Arte Público Press November 2016 Author Of The Month: Ron Arias

Veteran journalist and author Ron Arias introduces us to the struggling, searching and occasionally mystical residents of his boyhood Mexican-American community called Frogtown.


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Photo of Author Ron Arias, author of The Wetback and Other Stories
Arte Público Press November 2016 Author of the Month: Ron Arias, Author of The Wetback and Other Stories

In his new collection The Wetback and Other Stories, author Ron Arias takes us back to his boyhood Mexican-American neighborhood in the heart of Los Angeles called Frogtown. Situated between the hills of Elysian Park and the Los Angeles River, the peculiar geography of Frogtown is absorbed and integrated into the mindset of the city's citizens.

Children discover a dead body (a surprisingly handsome young man) near the dry riverbed. Mrs. Renteria (not really a Mrs.) claims the body for her own – the lover, son, friend she never had.

Big, tough, orphaned Eddie Vera is a fighter but not a bully. In fact, his parentless status seems to motivate him to defend his weaker contemporaries. As an adult, Eddie channels his external gruffness and interior humanity into politics and military service. Even as a soldier, Eddie's sense of justice prevails.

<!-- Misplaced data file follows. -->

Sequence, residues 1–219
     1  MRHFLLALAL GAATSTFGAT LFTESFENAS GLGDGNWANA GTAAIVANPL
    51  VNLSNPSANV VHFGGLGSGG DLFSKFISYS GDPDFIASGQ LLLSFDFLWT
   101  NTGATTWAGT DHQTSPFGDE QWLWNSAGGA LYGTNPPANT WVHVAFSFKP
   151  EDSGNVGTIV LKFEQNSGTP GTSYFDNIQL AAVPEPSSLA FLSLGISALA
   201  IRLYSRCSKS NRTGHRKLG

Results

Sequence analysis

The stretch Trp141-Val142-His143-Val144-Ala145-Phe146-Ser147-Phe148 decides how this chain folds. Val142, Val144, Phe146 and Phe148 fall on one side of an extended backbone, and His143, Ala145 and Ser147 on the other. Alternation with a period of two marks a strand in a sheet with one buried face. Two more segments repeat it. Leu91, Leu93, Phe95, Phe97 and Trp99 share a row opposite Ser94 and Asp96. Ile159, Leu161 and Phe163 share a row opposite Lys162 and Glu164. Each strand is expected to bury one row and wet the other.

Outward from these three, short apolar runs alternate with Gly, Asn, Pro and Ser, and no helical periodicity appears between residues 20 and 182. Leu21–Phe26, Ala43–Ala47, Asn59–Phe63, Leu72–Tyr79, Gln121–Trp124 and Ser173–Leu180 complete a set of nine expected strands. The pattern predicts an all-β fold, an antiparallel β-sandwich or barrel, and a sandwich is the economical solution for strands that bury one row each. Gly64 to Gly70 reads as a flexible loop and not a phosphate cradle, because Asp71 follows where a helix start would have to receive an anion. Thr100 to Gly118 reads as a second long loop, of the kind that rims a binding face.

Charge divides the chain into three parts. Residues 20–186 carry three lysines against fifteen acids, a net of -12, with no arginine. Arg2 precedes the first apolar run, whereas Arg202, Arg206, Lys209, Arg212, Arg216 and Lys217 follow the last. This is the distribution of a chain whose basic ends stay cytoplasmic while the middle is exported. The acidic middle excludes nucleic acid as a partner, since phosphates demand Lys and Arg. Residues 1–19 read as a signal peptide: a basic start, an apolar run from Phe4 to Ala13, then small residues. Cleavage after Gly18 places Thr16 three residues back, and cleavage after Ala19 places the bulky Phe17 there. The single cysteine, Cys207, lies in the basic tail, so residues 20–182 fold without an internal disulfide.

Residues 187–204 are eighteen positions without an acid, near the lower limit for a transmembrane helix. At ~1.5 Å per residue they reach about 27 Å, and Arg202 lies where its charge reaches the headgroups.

Gabriela is restless, tired of her dysfunctional family and ineffectual boyfriend. Fleeing to an isolated Central American village, she hopes a visit to the town's legendary ancient ruins will revive her spirit and sense of identity. While the ruins may be inspiring, the people that Gabriela encounters are less so.

Book dealer Martin Medina wants answers. What about his indigenous ancestors? What about the Europeans who disrupted his ancestors' ancient society? What about his Spanish language and Latino culture? How and why did all of this come to be? Exasperated by his new found curiosity, Medina's wife and son recommend a trip to London for an antiquarian book sellers' conference. Despite inconvenience, frustrating characters and even physical threat, Medina begins to find an answer.

Chavez needs to earn money in order to attend college. His job as a janitor at a sorority house on campus is tedious and demeaning. The treatment that Chavez receives from the women ranges from indifference to outright hostility. However, one of the ladies turns out to be an exception to the rule. Chavez's fluency in Spanish enables him to find a job interviewing Latinos about their lives. Despite his attempts to be personable and friendly, Chavez discovers that not everyone is cooperative, respectful or even honest.

Houston Public Media's Eric Ladau spoke with Ron Arias.

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